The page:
Canadians are prioritizing saving as they continue navigating the challenges of the global pandemic and amid expectations of rising inflation in the coming year. BMO’s annual savings study found that among the 63 per cent of Canadians with a Tax-Free Savings Account (TFSA), 67 per cent contributed the same or more than they have contributed historically.

BMO Economics estimated that excess savings reached nearly $300 billion late last year, while disposable income increased by approximately 4.5 per cent in 2021.

The survey reveals insights into Canadians’ knowledge and use of TFSAs:

  • Cash is King: Cash is the most popular asset – the majority (56 per cent) of Canadians have cash in their TFSA and 29 per cent say cash makes up at least three quarters of their holdings.
  • Knowledge Gap: While 73 per cent of Canadians consider themselves knowledgeable about TFSAs, only half (49 per cent) of Canadians are aware that a TFSA account can hold both cash and at least one of the other investments.
  • Holdings Growth: Despite the ongoing challenges from the pandemic, Canadians on average hold $34,917 in their TFSAs, a 13 per cent increase from 2020.
  • Financial Goals: Canadians primarily use their TFSA accounts for various financial goals, with 44 per cent using a TFSA for retirement savings, 43 per cent using it as a savings account, and just 15 per cent using the account as a means to achieve financial independence as early as possible.
  • Barriers to Contribution: Lack of funds (41 per cent) and other expenses (32 per cent) are the largest factors preventing Canadians from contributing to their TFSAs this year. Only seven per cent of Canadians say that they did not contribute due to pandemic related reasons – a 10 per cent decrease from 2020.

“Throughout the uncertainty of the pandemic, Canadians have remained resilient and optimistic – continuing to prioritize savings and contributing to their TFSAs,” said Nicole Ow, Head, Retail Investments, BMO Bank of Montreal. “2022 is likely to bring new challenges with growing inflation and economic uncertainty as the pandemic continues into another year. We encourage Canadians to work with an advisor to maximize the benefits of TFSAs and other investment vehicles, such as RRSPs, to help make real financial progress and enable them to meet long- and short-term financial goals.”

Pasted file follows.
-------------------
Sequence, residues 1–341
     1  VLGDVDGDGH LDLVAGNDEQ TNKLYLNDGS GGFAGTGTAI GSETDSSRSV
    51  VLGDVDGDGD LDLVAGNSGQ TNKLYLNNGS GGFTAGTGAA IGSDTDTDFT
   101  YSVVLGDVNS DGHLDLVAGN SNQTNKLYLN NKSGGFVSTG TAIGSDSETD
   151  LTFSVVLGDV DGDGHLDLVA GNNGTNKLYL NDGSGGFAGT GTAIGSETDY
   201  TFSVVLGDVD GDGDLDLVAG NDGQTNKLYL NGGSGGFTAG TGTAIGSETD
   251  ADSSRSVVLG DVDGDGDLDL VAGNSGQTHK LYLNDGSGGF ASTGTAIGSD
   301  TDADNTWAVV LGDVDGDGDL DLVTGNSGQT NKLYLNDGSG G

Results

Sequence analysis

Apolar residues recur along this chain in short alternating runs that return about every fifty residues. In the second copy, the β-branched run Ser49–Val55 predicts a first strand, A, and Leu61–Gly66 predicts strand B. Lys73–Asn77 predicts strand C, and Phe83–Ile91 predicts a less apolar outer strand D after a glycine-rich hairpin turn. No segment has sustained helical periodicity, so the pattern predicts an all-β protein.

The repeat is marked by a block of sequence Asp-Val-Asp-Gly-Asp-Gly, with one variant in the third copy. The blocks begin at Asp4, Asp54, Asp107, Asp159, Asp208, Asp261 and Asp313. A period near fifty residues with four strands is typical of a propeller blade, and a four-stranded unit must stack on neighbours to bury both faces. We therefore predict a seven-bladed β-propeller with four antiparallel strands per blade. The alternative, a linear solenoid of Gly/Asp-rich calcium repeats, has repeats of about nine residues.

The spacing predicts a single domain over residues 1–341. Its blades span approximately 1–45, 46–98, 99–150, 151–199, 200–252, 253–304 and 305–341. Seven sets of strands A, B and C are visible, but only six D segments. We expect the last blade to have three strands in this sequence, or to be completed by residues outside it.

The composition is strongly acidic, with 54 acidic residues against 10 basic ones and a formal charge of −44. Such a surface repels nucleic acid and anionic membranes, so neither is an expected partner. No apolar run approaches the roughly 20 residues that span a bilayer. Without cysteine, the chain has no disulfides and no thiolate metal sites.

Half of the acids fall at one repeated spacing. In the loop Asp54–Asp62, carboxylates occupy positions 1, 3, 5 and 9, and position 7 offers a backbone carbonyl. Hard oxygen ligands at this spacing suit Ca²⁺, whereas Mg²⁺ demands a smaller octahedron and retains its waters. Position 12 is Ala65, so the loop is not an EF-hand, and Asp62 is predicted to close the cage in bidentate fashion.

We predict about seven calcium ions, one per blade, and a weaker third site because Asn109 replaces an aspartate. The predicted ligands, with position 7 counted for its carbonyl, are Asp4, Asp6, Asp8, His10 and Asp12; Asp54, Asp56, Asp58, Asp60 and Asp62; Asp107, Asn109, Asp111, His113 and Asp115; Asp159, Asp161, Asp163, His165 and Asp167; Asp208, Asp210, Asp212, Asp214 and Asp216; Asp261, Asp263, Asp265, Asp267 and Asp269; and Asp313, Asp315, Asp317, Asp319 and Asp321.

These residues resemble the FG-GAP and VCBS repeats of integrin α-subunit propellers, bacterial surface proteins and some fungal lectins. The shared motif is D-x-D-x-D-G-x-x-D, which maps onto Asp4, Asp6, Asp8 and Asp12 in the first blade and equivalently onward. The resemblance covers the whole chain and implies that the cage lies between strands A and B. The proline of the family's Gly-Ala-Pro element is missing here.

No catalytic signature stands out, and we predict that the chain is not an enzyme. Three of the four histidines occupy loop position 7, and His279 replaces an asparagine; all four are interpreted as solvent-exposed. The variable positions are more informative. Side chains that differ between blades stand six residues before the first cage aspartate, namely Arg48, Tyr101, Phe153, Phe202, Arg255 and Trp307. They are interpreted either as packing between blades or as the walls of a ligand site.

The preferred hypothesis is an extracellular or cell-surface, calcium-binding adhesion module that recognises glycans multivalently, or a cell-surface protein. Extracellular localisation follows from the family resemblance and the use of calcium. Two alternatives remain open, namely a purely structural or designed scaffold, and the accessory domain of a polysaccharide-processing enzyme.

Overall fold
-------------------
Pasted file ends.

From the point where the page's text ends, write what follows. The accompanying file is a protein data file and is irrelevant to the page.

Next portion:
Different Registered Plans for Different Financial Goals

While TFSAs remain a popular investment vehicle, there is a lack of awareness about other savings accounts. The survey found:

  • Registered Retirement Savings Plan (RRSP): 74 per cent of Canadians consider themselves knowledgeable about RRSPs, but younger investors (aged 18-34) are 12 per cent less likely to be knowledgeable about the account. Only 64 per cent of Canadians know the difference between an RRSP and TFSA, a 4 per cent decrease from 2020 and a 10 per cent decrease from 2015.
  • Registered Education Savings Plan (RESP): Less than half (49 per cent) of Canadians are knowledgeable about RESPs. Knowledge levels are lowest among single, unmarried Canadians (37 per cent).
  • Registered Disability Savings Plan (RDSP): Only 16 per cent of Canadians are knowledgeable about RDSPs. Awareness is lowest among Canadians 55 years and older (12 per cent), women (12 per cent) and those who are widowed, divorced or separated (11 per cent).

“While Canadians are aware there are a range of investing solutions available to help them achieve different financial goals, working with a professional advisor can help you understand all your options, determine the strategies that best suit your objectives, experience and risk appetite, and realize the full benefits of having a personalized financial plan,” said Ms. Ow.

For more information on Tax-Free Savings Accounts and Registered Retirement Savings Plans, opening an account, or other assistance, please visit or